Then we pushed the function a little further, from x^2 – 1 to x^2 – 2. Still with two repellers, this time the system of iterations dissolved into complete chaos, careening randomly within the interval -2 to 2, never settling into one spot. Changing the value of the seed by only one ten-thousandth produced a completely different pattern of iterations, demonstrating the sensitivity to initial conditions that are characteristic of chaos.

We will see plenty more examples of weird behavior in our iterations, but for now please finish question 4, parts h, i, and j. We’ll be discussing these results on Monday when we return.

Fractals & Chaos Recap for 11/15

We continued our work with the Iterated Functions sheet, making some observations about how we might predict the classification of fixed point we get based on the parameters of the function we are iterating (see a friend in class for the exact notes on this if you missed them!)

We also introduced a new way of visualizing the behavior of functions: the cobweb diagram. In this style of graph, we draw the function we are iterating on the same plot as the line y=x. We pick a seed and move vertically to the graph of y=f(x), then horizontally to the line y=x, resulting in the output we just got becoming the input for the next iteration. We then move vertically again to y=f(x) and horizontally again to y=x, continuing until we get a view of the behavior of the function.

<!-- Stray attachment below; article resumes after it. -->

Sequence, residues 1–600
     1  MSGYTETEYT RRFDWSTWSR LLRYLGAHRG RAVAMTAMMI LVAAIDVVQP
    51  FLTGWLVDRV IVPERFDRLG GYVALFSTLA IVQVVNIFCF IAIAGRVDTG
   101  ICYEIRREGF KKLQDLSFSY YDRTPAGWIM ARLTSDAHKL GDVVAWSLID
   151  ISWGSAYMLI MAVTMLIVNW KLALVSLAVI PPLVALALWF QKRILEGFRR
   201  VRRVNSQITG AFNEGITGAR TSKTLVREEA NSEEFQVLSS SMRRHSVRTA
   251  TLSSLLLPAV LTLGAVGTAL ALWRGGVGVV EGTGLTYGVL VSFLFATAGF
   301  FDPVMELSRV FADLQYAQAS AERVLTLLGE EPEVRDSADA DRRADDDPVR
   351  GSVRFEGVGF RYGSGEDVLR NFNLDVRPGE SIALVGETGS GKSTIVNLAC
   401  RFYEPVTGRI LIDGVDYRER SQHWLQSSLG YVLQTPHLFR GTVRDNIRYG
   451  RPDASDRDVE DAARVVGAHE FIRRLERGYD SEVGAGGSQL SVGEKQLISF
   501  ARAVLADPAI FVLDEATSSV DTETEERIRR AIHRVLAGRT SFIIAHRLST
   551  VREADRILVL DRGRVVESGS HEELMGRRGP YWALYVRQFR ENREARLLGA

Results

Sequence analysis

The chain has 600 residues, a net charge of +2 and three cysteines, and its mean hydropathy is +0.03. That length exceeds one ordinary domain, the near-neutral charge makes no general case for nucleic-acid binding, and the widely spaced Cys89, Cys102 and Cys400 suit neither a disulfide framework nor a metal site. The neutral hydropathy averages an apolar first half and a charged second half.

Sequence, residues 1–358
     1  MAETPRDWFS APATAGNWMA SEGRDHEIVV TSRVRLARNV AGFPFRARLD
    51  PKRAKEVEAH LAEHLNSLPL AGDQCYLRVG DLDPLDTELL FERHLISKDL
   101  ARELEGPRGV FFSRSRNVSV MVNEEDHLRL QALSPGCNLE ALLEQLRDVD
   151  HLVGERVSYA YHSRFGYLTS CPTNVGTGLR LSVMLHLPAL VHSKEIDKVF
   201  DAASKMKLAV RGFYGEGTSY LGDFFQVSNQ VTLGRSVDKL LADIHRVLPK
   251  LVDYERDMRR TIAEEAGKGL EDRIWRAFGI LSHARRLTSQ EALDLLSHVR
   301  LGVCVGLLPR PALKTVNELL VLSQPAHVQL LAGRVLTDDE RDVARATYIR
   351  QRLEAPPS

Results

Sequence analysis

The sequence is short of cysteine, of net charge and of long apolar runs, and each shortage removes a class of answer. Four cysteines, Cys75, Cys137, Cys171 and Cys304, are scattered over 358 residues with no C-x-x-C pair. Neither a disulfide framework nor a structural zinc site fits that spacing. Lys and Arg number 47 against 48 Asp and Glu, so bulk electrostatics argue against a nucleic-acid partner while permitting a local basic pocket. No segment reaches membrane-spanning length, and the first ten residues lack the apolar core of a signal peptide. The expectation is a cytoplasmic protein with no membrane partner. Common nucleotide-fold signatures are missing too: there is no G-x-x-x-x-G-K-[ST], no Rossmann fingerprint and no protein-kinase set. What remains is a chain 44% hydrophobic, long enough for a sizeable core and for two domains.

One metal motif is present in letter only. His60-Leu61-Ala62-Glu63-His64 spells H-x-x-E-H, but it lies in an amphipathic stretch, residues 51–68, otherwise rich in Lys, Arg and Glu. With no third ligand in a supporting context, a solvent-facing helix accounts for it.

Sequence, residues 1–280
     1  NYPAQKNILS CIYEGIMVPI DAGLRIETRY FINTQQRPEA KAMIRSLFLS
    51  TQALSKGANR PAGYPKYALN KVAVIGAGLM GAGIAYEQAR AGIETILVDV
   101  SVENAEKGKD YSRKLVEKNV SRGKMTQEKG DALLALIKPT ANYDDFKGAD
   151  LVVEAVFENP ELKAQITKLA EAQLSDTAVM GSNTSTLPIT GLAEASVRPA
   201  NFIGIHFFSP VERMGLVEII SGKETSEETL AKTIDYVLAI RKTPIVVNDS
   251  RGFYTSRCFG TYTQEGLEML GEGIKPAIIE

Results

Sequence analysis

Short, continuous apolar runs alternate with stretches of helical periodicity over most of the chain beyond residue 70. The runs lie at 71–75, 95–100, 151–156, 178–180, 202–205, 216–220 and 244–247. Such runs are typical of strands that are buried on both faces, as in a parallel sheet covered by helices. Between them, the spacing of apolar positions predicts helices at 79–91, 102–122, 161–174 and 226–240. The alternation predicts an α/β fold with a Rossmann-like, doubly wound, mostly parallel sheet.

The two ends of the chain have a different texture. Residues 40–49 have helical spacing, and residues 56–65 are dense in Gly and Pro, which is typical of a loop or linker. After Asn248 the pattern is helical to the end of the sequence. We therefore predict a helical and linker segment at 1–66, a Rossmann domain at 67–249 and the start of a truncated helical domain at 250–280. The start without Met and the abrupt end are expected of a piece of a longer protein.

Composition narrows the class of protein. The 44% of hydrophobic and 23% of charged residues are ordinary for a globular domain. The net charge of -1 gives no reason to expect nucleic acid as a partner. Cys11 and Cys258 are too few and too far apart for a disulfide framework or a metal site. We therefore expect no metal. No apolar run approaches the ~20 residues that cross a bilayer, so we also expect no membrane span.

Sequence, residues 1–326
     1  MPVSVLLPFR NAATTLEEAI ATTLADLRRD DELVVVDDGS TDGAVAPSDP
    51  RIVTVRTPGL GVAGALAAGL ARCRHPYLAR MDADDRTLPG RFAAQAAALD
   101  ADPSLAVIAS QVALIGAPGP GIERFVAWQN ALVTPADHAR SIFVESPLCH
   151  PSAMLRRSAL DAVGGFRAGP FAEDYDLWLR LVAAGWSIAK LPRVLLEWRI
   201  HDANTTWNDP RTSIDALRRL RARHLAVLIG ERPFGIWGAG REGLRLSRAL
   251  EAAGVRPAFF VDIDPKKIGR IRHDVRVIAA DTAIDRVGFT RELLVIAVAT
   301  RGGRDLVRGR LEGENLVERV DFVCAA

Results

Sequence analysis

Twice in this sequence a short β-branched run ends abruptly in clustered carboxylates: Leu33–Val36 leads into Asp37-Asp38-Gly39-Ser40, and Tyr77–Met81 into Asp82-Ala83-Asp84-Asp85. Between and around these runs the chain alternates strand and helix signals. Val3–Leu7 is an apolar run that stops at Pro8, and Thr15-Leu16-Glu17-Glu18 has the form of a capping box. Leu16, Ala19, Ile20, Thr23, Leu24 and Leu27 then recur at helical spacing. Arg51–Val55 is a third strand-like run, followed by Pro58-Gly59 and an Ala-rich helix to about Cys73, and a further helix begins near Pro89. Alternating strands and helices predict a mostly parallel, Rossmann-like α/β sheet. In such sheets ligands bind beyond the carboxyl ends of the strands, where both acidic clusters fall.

Your homework tonight then is to finish question 1 (parts f and g) and to do parts a, b, and c of question 3. Draw both the time diagram and cobweb diagram for each of these functions, and try to make some observations about how the patterns of the two representations align with each other.

Fractals & Chaos Recap for 11/14

We’ve started down the road towards understanding the mathematics of chaos by iterating linear functions. Imagine a recursively-defined sequence, where each term of the sequence is defined based on the previous value. That’s what we’re doing here: we start with a seed, then plug that seed into a formula. Each output becomes the next step’s input, and we seek to understand the long-term behavior of formulas.

We are primarily working with this classwork sheet: Iterated Functions. We’ve done parts a, b, and c for part 1, looking at the behavior of seeds both numerically and graphically, creating a plot of steps vs. value called a Time Diagram. In all three examples, we found a fixed point: a value of a seed that is constant through the formula (plugging that value in gets that same value out). Some of the fixed points were attractors, and some were repellers. We discussed how iterating the function repeatedly is a fine way to find an attracting fixed point, but obviously won’t work to find a repeller. The only option there is to solve the equation f(x) = x.

Tonight for homework, please do parts d and e of question 1, then all of question 2. You should work on identifying and classifying the fixed point (as an attractor or repeller).